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The Employment Effect in Retail Trade of California's 1988 Minimum Wage Increase

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  • Kim, Taeil
  • Taylor, Lowell J
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    Abstract

    This paper considers the labor market effect of California's 1988 minimum wage increase in the retail trade industry. Two sources of variation--county variation and cross-industry variation--are exploited in estimating the effect of the minimum wage change. Both empirical approaches suggest that the textbook economic analysis of minimum wages pertains; employment growth in California's low-wage retail trade sector appears to have been tempered by the minimum wage increase.

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    Bibliographic Info

    Article provided by American Statistical Association in its journal Journal of Business and Economic Statistics.

    Volume (Year): 13 (1995)
    Issue (Month): 2 (April)
    Pages: 175-82

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    Handle: RePEc:bes:jnlbes:v:13:y:1995:i:2:p:175-82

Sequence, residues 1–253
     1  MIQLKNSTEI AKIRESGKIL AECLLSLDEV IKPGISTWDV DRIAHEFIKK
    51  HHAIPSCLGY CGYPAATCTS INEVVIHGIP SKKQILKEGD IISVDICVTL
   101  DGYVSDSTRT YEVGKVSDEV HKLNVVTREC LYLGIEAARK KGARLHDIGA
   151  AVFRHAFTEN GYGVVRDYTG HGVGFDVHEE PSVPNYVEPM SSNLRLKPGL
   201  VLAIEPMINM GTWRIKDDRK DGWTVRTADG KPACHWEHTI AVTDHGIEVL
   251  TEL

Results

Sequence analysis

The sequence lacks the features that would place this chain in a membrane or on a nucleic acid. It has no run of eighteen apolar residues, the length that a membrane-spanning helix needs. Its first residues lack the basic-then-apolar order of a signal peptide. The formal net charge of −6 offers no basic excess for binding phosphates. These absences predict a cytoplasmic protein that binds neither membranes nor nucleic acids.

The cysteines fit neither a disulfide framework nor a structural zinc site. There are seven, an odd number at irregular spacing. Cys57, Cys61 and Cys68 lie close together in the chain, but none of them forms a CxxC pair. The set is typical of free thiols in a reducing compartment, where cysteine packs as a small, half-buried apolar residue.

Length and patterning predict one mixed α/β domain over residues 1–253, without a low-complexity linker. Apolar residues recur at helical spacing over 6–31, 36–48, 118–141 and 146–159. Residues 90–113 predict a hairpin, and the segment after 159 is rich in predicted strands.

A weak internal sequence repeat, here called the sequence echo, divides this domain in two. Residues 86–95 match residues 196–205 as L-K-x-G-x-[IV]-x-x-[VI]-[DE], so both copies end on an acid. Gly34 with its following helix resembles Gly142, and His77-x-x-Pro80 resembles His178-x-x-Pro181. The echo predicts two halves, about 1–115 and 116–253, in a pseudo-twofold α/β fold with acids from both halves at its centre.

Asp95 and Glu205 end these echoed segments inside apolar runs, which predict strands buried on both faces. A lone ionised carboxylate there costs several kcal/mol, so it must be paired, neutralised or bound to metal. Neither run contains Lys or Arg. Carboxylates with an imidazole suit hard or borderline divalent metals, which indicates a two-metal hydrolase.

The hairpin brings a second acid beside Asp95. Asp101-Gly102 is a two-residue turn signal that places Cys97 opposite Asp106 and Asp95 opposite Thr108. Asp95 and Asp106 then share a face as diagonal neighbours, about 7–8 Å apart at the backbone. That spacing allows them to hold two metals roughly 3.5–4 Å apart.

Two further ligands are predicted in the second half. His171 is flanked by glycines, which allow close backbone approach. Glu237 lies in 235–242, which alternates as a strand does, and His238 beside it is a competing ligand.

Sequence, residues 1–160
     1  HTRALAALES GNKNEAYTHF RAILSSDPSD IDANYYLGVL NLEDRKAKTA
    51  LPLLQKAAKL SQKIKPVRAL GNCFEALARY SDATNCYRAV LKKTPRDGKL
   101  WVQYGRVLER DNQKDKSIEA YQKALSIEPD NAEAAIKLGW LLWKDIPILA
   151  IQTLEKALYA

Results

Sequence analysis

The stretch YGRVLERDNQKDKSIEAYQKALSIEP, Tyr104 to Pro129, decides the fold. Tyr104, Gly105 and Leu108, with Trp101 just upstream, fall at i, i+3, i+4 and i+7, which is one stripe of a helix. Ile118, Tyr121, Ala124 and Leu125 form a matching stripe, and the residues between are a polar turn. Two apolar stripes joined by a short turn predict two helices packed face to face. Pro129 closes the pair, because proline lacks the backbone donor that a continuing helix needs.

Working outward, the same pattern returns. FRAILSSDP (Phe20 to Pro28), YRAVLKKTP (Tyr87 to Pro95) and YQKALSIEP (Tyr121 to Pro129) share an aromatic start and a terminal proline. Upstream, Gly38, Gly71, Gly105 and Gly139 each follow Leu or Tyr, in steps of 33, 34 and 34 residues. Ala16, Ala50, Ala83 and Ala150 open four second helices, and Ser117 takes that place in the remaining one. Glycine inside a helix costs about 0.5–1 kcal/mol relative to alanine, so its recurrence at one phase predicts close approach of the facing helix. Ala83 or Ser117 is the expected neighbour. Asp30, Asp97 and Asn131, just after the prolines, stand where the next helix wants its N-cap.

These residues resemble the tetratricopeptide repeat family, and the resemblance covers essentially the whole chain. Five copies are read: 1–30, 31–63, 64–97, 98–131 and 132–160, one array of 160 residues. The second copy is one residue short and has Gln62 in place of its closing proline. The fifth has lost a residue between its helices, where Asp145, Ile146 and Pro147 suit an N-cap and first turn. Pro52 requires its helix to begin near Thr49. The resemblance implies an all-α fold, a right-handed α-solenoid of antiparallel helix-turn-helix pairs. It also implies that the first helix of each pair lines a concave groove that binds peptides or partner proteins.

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    Cited by:
    1. Madeline Zavodny, 1998. "Why minimum wage hikes may not reduce employment," Economic Review, Federal Reserve Bank of Atlanta, issue Q 2, pages 18-28.
    2. Kane, John, 1997. "Myth and measurement: The new economics of the minimum wage : David Card and Alan B. Krueger, New Jersey: Princeton University Press, 1995, x + 422," International Review of Economics & Finance, Elsevier, vol. 6(2), pages 219-222.
    3. Addison, John T. & Blackburn, McKinley L. & Cotti, Chad, 2008. "New Estimates of the Effects of Minimum Wages in the U.S. Retail Trade Sector," IZA Discussion Papers 3597, Institute for the Study of Labor (IZA).
    4. Chung-cheng Lin, 2001. "A Comment on "Labor Markets, Unemployment, and Minimum Wages: A New View."," Eastern Economic Journal, Eastern Economic Association, vol. 27(1), pages 71-82, Winter.
    5. Addison, John T. & Blackburn, McKinley L. & Cotti, Chad D., 2009. "Do minimum wages raise employment? Evidence from the U.S. retail-trade sector," Labour Economics, Elsevier, vol. 16(4), pages 397-408, August.

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